Training the Fearful Dog

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by jtclough on September 19, 2010

Have you ever felt afraid to the point anxiety becomes a reality?  Scared of something with or without an explanation as to why?  Do you get an odd uncontrollable feeling when standing on the edge of a place like the Grand Canyon?  Does your mouth go dry when you are suddenly put on the spot to get on stage and speak in front of all your co-workers?  What about the feeling when someone tells you no about something you really want?

These are all fears people carry around with them and the automatic reactions that occur in the heat of the moment.  Our dogs are fearful of different things than we are, but the feeling of fear or anxiety is the same and they are limited as to how they communicate fear.  It is why many times it gets labeled as “fear aggression”.

Growling, barking, lunging, nipping or biting are all ways to cope with fear in dogs and to people any of these reactions appear to be aggression.  Or at the very least not a nice thing to be doing.  When people react to anxiety and fear unfortunately the problem doesn’t get addressed as soon as it should, sometimes going on a lifetime simply because we have many more communication skills to disguise the problem.

Dogs on the other hand have only a few coping mechanisms and addressing these issues in many cases becomes a must in our busy lives with friends, family, children and many daily activities where our dogs are expected to be good.

Addressing fear or anxiety without English as a common language is challenging for most people.  The answer lies in showing a fearful dog what to do and leaving the focus of the scary behind.  Instead of bringing attention in the form of labeling the behavior with words like, “no, no, don’t do that”, or even the consoling “it’s okay, you are fine, good boy”, the thing to do is go straight to showing your dog what to do.

The problem lies in that many times the anxiety has built to a place where an anxious dog won’t even hear what you are trying to communicate.  The answer…   Movement.

Movement

Even for people the first answer to dealing with stress, anxiety or depression is to add exercise to your daily routine.  In recent years lack of movement for people has contributed to not only weight gain but to the way we handle our stress.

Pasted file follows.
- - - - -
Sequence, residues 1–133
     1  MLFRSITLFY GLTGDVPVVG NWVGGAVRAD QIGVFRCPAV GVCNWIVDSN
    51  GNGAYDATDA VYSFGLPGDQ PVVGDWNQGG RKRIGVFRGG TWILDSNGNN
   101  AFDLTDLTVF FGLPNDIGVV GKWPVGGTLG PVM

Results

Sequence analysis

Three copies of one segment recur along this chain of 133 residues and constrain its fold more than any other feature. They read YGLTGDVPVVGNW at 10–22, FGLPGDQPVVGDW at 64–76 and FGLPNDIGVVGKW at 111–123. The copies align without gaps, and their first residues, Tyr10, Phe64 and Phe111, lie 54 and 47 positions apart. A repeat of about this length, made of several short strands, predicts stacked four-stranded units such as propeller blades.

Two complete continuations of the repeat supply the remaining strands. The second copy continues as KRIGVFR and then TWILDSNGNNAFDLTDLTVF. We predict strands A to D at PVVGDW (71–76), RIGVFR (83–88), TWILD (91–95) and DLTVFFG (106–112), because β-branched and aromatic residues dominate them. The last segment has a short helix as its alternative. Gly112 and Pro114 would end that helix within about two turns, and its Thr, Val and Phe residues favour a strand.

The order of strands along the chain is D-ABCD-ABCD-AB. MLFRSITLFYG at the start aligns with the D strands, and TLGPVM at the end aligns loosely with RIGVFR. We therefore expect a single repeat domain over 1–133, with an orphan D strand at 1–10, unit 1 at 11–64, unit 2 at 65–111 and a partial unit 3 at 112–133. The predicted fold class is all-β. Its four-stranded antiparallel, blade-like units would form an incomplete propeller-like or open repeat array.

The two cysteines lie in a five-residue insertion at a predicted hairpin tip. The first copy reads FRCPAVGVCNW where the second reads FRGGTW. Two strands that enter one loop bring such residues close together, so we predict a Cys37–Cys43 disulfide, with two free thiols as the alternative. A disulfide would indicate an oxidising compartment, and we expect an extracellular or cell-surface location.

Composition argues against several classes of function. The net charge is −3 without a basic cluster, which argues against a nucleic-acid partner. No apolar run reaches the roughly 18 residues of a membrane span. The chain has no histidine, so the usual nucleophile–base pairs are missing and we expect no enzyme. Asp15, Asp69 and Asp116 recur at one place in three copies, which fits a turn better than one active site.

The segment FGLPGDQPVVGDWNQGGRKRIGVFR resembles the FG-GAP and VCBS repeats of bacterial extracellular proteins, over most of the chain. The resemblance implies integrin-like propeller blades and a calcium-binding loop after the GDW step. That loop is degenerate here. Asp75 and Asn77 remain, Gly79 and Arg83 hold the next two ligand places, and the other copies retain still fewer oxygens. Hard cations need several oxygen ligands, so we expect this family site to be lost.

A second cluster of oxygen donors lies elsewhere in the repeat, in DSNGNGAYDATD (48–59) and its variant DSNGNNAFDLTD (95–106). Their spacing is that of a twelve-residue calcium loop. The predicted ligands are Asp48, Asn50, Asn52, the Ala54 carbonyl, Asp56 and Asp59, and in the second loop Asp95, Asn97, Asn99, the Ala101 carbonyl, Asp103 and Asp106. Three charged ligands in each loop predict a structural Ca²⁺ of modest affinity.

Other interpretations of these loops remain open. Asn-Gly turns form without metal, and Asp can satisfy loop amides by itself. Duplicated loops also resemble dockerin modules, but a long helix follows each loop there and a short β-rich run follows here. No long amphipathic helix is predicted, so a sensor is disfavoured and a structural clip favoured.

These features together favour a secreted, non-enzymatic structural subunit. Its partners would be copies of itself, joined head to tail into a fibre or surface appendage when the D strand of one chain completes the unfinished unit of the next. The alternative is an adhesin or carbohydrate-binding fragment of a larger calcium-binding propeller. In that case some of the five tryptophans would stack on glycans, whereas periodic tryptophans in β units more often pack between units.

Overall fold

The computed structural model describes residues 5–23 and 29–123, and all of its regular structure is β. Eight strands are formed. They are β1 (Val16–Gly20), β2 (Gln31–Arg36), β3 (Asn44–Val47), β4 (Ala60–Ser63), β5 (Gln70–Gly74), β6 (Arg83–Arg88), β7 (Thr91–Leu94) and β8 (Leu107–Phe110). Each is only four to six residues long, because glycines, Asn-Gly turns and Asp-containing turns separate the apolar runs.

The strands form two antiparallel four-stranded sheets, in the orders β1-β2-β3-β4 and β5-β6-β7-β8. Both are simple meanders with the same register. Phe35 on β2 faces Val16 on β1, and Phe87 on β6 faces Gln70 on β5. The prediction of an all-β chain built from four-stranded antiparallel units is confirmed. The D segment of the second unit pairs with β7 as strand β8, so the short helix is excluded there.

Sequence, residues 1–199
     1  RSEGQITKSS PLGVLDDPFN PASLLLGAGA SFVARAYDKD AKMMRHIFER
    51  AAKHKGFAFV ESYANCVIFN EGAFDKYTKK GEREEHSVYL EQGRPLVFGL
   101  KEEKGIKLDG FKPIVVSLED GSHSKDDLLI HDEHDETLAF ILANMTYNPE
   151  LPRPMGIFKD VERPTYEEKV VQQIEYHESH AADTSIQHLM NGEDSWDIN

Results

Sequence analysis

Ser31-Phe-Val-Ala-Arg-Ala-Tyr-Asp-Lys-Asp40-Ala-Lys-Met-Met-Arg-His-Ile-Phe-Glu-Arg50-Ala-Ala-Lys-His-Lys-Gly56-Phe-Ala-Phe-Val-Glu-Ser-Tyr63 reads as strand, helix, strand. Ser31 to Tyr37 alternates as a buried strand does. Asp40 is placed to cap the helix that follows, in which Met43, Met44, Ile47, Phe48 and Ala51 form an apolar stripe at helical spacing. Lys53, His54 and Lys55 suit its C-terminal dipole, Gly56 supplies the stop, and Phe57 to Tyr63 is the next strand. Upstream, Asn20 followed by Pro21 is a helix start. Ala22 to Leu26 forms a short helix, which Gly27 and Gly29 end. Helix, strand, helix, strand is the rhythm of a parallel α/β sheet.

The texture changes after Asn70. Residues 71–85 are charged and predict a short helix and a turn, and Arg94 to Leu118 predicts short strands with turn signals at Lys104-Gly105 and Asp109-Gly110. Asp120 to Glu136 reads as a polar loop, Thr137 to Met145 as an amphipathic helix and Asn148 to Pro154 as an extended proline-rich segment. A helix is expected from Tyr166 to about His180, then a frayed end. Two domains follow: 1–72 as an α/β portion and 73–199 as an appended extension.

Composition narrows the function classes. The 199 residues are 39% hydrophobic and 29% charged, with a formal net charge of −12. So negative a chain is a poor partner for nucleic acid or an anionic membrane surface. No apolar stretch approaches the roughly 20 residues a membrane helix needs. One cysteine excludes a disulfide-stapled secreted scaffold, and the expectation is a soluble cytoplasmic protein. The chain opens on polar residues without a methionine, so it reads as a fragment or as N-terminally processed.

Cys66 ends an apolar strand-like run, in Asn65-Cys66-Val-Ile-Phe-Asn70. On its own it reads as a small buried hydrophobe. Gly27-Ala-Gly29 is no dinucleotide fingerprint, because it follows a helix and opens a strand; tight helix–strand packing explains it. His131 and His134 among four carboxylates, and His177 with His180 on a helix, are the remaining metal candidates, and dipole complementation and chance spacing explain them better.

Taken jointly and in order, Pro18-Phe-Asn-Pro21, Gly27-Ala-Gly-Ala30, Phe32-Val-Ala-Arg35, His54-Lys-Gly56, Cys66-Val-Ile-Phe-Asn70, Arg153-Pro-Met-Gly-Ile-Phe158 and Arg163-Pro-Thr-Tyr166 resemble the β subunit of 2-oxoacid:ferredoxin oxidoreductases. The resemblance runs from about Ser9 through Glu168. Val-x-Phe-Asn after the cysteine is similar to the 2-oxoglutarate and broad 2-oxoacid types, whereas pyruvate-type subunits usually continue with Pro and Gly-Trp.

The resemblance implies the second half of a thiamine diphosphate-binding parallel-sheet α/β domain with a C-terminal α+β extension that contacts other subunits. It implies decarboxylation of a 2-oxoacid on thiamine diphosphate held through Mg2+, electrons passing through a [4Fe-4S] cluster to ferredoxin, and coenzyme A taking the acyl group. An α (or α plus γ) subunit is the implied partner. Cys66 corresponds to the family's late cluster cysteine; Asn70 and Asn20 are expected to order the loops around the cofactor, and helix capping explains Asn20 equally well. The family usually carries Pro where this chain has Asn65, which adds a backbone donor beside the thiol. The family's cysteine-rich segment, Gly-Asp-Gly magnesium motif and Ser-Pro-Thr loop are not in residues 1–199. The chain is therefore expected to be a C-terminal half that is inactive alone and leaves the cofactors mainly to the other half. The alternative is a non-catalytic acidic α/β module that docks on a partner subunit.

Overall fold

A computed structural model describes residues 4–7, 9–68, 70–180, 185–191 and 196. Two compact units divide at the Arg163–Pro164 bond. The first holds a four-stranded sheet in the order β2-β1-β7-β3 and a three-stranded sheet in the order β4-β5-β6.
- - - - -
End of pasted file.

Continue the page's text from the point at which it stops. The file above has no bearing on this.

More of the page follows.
The same is true for our dogs.  Movement is the key ingredient to a happy healthy dog and the lack of it contributes to far greater behavior challenges than most dog owners are aware.

Exercise for a fearful or anxious dog is on the very top of the list when it comes to changing this behavior to confidence and the ability to deal with daily routines in a much more relaxed manner.  Finding ways to get an anxious dog exercise can be challenging when the fear stems from other people, dogs or unexpected external noises.

Treadmill Dog Training

The treadmill for a fearful or anxious dog is a solution well worth looking into for a variety of reasons.  First creating a safe environment for a dog suffering from fear starts everyone off on the right paw.  Secondly it is a way to incorporate exercise as a stress reliever while creating a mind that can open to learning by taking the over anxious edge off through movement .  Once a fearful dog gets the chance to burn off the nervous energy that stores itself only to come out as bad behavior the road to leaving the fear behind can begin.

Other benefits to training a fearful dog on a treadmill are really about gaining your own confidence as well.  Many people suffer from feeling the judgement of others while trying to get a dog with issues “over it” out on a public trail or park.  Dogs who are fearful, shy or overly anxious can look to others as though they have been “abused” or you aren’t being nice to the dog.  In most cases this is far from the truth and stops the process of getting a dog out and moving as much as possible.

Exercise and movement take the edge off of anxiety for both people and dogs.  Treadmill training for dogs not only gives a dog who needs to move through fear the chance to get enough exercise but with my own professional training experience, it has in fact gotten most dogs to a place where confidence and balance returns and a dog who wasn’t socially able to function well becomes happy and integrated into regular life activities.

For more information on training your dog on a treadmill whether for a behavior change or for an option in getting enough exercise see www.DogTread.com

Wag more with fitness and health for you and the dog!

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